Astigmatism – What Does It Mean?

Astigmatism, aside from being a difficult word for children to say, is a very common refractive error causing the light that enters the eye to be focused at two different points.  Unlike nearsightedness or farsightedness, people who have astigmatism often experience blurry or distorted vision at all distances.

What Causes Astigmatism?

Your eyes work by refracting or bending light through your cornea and focusing it upon your retina. Your retina then converts it into electrical impulses and sends them to your brain. In a normal eye, the cornea is round, focusing light to a central point within your eye. When a person has astigmatism, the cornea is shaped more oval,  like a football. This results in multiple focal points . Astigmatism causes your vision to appear blurry, fuzzy, or distorted at all distances.

Types of Astigmatism

The normal eye has two meridians. It might be helpful to think of it like the equator or prime meridian of the earth. One meridian is vertical and the other is horizontal.

Regular Astigmatism

A regular corneal astigmatism is when your meridians are perpendicular to each other, or 90 degrees apart. Regular astigmatism is the most common type of astigmatism.

Irregular Astigmatism

An irregular astigmatism is when your eye’s meridians aren’t perpendicular with each other. This can be the result of Keratoconus, a degenerative eye disease in which the cornea gradually thins. Irregular astigmatisms can also be the result of an eye injury in which the scarring or damage from the injury misshapes the cornea. Irregular astigmatisms can’t be corrected with the use of corrective lenses.

Astigmatism Test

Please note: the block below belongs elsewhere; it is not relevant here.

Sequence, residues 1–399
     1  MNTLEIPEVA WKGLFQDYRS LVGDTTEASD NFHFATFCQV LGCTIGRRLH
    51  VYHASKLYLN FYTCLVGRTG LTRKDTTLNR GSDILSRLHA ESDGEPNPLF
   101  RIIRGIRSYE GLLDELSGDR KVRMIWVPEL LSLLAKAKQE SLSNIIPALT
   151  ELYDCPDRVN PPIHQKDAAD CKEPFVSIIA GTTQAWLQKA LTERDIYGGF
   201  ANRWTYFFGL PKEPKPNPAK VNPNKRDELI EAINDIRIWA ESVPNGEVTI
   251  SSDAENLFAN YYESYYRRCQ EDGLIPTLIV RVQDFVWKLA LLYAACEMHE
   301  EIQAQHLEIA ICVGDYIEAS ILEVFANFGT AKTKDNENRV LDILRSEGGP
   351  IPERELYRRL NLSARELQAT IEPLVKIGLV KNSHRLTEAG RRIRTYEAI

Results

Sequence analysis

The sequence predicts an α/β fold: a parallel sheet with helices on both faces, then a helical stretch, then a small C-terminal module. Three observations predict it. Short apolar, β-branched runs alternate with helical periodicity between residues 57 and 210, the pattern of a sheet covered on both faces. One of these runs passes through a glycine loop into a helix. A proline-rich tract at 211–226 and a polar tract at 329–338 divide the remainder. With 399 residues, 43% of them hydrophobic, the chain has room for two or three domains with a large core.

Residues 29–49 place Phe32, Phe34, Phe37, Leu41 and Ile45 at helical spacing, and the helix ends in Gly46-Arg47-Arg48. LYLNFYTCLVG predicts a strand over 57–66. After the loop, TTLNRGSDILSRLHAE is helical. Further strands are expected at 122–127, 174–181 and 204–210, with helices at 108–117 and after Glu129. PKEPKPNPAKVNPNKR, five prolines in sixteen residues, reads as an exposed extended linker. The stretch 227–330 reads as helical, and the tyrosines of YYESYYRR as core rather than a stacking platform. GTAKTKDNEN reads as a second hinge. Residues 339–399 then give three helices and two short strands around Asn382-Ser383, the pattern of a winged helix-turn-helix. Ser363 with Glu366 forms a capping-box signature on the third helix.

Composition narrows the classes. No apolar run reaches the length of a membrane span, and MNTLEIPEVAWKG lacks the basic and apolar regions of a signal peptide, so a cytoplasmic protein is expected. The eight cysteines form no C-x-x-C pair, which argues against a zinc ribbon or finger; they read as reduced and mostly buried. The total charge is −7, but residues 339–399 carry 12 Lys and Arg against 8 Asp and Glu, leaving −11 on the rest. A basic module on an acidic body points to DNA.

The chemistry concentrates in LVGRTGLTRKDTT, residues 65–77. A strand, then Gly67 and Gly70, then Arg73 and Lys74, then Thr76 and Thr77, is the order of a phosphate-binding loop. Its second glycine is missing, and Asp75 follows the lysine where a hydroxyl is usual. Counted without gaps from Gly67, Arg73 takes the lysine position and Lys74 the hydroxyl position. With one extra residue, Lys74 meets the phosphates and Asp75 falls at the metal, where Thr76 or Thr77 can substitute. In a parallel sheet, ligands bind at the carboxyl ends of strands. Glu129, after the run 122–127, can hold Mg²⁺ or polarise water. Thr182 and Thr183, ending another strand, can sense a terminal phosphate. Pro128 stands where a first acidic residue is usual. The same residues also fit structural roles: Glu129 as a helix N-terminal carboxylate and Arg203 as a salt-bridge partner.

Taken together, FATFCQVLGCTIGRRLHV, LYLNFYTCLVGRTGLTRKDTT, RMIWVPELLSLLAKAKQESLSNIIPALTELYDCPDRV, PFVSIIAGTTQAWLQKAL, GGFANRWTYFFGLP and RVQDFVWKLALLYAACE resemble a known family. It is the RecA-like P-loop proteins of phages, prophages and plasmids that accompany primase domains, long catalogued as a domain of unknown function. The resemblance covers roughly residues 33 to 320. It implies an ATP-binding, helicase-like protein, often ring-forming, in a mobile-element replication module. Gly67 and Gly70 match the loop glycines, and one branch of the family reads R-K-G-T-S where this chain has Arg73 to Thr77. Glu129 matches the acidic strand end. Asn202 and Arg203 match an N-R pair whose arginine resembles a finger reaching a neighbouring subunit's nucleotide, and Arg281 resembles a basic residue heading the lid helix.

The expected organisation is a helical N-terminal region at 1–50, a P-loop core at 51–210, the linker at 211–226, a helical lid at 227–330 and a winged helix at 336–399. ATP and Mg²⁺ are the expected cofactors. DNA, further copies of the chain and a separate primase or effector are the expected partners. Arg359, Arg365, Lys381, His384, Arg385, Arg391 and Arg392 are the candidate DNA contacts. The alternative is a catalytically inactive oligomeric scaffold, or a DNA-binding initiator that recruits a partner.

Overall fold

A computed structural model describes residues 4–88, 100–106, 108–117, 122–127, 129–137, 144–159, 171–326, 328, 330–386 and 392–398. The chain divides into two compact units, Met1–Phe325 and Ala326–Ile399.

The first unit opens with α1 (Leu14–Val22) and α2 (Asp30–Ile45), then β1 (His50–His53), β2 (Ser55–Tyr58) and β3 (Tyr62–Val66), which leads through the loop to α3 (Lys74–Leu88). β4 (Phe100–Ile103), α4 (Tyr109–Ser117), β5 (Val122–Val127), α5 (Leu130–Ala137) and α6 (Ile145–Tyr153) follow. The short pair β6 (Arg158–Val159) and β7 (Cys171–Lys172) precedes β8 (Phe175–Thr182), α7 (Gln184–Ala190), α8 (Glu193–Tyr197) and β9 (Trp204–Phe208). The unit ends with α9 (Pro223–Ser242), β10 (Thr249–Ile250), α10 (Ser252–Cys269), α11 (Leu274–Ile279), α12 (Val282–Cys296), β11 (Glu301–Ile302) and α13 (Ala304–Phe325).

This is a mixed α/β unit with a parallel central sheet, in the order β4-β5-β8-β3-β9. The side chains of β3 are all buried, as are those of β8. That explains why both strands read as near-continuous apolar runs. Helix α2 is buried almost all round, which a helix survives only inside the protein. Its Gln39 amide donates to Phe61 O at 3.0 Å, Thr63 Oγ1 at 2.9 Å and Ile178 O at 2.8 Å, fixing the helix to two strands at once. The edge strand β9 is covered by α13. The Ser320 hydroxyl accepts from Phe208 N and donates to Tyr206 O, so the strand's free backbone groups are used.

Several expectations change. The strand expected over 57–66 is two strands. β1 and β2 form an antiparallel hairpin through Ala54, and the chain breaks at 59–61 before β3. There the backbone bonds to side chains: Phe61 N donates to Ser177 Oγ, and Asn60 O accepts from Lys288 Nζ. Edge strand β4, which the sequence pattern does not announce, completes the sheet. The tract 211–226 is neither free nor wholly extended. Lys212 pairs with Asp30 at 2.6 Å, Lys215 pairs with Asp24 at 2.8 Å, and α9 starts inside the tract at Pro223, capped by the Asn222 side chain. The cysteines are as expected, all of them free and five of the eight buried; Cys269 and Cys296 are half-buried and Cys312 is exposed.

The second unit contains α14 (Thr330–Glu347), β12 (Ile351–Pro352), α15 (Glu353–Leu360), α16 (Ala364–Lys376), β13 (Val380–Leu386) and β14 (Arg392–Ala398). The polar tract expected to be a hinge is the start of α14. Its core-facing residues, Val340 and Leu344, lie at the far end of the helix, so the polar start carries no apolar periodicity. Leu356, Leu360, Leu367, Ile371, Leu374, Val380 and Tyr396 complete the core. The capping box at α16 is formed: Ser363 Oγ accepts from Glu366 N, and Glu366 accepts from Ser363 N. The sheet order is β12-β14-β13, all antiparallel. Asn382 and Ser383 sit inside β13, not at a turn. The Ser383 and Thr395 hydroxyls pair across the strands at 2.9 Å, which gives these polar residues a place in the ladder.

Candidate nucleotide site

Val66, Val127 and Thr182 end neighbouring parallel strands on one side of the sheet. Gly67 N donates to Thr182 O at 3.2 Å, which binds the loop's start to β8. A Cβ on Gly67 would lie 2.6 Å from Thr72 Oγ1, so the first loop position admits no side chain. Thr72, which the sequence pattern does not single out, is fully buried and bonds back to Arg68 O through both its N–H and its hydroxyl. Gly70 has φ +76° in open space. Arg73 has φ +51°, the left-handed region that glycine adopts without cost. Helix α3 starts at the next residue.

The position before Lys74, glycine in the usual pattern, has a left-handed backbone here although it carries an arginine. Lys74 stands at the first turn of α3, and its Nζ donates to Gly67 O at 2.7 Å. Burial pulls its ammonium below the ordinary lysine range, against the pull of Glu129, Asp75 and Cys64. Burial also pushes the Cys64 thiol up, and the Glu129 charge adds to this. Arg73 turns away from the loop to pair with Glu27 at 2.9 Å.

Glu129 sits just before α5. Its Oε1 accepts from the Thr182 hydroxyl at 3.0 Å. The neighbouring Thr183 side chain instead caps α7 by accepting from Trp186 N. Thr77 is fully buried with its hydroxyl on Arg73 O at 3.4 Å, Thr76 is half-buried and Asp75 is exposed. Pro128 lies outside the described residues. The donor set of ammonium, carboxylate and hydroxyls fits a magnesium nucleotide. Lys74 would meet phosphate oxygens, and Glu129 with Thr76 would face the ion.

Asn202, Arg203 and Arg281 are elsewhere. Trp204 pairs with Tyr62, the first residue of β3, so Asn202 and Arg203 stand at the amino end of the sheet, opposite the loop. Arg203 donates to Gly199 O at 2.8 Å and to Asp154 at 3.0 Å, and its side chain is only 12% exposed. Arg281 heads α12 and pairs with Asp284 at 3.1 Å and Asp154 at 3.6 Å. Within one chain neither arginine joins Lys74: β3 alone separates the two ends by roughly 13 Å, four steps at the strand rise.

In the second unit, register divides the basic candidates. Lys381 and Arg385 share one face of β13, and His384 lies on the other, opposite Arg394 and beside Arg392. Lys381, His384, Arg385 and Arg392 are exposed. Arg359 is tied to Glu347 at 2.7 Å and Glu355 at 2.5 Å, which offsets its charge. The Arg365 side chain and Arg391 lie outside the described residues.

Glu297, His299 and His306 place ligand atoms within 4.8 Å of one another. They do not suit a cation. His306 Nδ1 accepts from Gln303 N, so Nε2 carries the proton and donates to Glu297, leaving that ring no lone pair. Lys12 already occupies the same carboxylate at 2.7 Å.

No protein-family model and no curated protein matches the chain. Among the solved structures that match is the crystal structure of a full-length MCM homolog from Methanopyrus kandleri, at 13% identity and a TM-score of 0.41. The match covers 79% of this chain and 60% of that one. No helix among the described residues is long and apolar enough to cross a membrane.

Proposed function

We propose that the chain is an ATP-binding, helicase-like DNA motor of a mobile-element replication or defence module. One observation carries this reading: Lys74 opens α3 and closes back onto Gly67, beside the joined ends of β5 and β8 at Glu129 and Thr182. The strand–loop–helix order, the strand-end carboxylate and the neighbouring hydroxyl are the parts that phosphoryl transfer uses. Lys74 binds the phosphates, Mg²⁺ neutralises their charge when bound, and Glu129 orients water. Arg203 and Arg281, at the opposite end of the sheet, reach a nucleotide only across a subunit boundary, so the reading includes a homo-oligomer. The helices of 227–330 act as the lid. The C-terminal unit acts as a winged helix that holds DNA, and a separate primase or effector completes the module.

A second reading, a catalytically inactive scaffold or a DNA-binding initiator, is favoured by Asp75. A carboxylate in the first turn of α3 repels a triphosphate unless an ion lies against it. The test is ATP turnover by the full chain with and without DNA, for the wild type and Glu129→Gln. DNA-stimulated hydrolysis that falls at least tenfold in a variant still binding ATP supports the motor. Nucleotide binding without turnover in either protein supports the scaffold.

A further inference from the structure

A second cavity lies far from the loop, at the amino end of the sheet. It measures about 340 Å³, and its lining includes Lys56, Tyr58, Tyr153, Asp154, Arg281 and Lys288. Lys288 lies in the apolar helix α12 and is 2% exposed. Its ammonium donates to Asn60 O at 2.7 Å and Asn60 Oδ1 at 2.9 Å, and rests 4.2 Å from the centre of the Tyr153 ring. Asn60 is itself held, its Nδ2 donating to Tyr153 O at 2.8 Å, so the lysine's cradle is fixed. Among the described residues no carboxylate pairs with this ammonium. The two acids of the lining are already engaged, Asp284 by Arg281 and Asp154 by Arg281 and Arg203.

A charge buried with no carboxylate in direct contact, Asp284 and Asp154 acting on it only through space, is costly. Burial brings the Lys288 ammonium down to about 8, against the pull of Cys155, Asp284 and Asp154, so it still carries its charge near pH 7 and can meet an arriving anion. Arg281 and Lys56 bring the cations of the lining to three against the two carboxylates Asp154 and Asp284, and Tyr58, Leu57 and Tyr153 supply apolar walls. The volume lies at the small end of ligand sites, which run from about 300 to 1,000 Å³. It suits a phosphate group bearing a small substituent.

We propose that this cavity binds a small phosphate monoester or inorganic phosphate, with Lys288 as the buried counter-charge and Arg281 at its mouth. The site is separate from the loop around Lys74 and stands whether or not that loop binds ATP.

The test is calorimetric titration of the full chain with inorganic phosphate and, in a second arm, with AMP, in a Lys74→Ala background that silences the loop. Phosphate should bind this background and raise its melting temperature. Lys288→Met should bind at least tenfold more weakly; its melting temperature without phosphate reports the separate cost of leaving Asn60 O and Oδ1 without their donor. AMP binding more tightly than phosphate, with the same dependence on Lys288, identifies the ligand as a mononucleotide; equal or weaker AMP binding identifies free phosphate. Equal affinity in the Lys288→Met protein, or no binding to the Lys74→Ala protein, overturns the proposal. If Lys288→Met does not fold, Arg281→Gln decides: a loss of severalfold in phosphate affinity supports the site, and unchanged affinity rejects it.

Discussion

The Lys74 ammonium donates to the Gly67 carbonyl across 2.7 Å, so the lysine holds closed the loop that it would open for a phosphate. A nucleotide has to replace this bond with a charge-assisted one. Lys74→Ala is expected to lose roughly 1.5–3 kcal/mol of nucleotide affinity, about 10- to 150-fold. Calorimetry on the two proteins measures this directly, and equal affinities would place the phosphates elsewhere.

Typically, symptoms from astigmatism become apparent in a person’s earlier years. A comprehensive eye exam at your eye doctor will be able to reveal whether you have an astigmatism. Eye exams are extremely important for children and young adults as they may not realize their vision isn’t clear. Your eye doctor will use the same tests for astigmatism as they would to see if you’re nearsighted or farsighted.

Visual Acuity Test

An eye chart is used to determine your level of visual acuity, or how clearly you are able to see. We have computerized eye charts which provide us with many options for checking your acuity. 

Refraction Test

Your eye doctor can use a retinoscope or autorefrator  to examine your eyes and measure your level of refractive error. Your optometrist also uses a phoroptor, or the large machine on a swinging arm you typically imagine when you envision a trip to the eye doctor. Placing the phoroptor in front of your face, the eye doctor will flip through different lenses while having you read an eye chart. By switching between lenses until you’re able to see the chart most clearly, your optometrist will now be able to determine your prescription.

Corneal Topography

To specifically measure the curvature of the cornea, your eye doctor can use an autokeratometer or corneal topographer.  

Treating Astigmatism

There are several different ways to treat astigmatism and restore your vision. Prescription glasses and contact lenses are the most commonly used methods for restoring vision from astigmatism. 

Prescription Glasses

Prescription glasses designed to treat astigmatism use specialized corrective lenses. These contain specific focal points which compensate for the variations in the shape of the cornea.

Contact Lenses

Due to the fact that astigmatism results from an irregularly shaped cornea, traditional contact lenses will not work in all scenarios. Toric soft lenses or special gas-permeable contact lenses can be used to correct the astigmatism.

Refractive Surgery

Refractive eye surgery, the most common of which is LASIK, can be performed to permanently correct some cases of astigmatism. If you are curious about LASIK, talk to one of our eye doctors to set up a comprehensive eye exam today. Our optometrists can help determine if you would be a good candidate and would see benefit from undergoing corrective eye surgery.